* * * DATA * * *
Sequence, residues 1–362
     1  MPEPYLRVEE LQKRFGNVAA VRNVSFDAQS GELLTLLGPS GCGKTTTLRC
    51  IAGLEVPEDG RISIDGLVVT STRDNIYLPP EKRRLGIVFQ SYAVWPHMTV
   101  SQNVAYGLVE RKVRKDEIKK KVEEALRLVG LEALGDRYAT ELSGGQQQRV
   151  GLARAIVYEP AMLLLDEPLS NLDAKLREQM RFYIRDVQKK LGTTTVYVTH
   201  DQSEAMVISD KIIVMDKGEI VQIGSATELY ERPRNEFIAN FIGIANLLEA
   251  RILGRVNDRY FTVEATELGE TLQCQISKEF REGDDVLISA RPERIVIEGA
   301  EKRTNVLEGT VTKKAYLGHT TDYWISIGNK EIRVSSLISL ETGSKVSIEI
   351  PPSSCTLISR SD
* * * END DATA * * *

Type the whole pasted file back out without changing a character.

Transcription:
Sequence, residues 1–362
     1  MPEPYLRVEE LQKRFGNVAA VRNVSFDAQS GELLTLLGPS GCGKTTTLRC
    51  IAGLEVPEDG RISIDGLVVT STRDNIYLPP EKRRLGIVFQ SYAVWPHMTV
   101  SQNVAYGLVE RKVRKDEIKK KVEEALRLVG LEALGDRYAT ELSGGQQQRV
   151  GLARAIVYEP AMLLLDEPLS NLDAKLREQM RFYIRDVQKK LGTTTVYVTH
   201  DQSEAMVISD KIIVMDKGEI VQIGSATELY ERPRNEFIAN FIGIANLLEA
   251  RILGRVNDRY FTVEATELGE TLQCQISKEF REGDDVLISA RPERIVIEGA
   301  EKRTNVLEGT VTKKAYLGHT TDYWISIGNK EIRVSSLISL ETGSKVSIEI
   351  PPSSCTLISR SD